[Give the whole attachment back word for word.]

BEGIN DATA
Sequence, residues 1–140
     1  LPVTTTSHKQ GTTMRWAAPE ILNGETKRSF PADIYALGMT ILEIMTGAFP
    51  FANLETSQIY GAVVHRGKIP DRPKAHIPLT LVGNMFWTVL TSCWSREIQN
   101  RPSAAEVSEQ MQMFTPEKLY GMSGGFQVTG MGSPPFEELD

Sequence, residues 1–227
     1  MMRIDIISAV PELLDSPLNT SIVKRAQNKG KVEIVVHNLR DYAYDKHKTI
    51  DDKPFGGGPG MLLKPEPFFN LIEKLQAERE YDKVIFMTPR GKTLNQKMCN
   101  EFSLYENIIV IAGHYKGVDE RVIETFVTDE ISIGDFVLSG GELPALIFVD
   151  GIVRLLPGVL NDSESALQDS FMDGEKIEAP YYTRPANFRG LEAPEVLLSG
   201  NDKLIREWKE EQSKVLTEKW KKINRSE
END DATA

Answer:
Sequence, residues 1–140
     1  LPVTTTSHKQ GTTMRWAAPE ILNGETKRSF PADIYALGMT ILEIMTGAFP
    51  FANLETSQIY GAVVHRGKIP DRPKAHIPLT LVGNMFWTVL TSCWSREIQN
   101  RPSAAEVSEQ MQMFTPEKLY GMSGGFQVTG MGSPPFEELD

Sequence, residues 1–227
     1  MMRIDIISAV PELLDSPLNT SIVKRAQNKG KVEIVVHNLR DYAYDKHKTI
    51  DDKPFGGGPG MLLKPEPFFN LIEKLQAERE YDKVIFMTPR GKTLNQKMCN
   101  EFSLYENIIV IAGHYKGVDE RVIETFVTDE ISIGDFVLSG GELPALIFVD
   151  GIVRLLPGVL NDSESALQDS FMDGEKIEAP YYTRPANFRG LEAPEVLLSG
   201  NDKLIREWKE EQSKVLTEKW KKINRSE